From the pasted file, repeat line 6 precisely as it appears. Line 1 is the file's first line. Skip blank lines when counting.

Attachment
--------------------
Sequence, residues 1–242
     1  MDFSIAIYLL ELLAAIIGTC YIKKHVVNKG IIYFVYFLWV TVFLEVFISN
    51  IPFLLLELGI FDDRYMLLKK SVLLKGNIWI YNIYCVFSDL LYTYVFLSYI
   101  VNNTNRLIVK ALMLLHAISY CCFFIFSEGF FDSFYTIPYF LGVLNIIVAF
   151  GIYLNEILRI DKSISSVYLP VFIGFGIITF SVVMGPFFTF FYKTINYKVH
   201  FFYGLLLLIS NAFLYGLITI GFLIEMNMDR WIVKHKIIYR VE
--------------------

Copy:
   201  FFYGLLLLIS NAFLYGLITI GFLIEMNMDR WIVKHKIIYR VE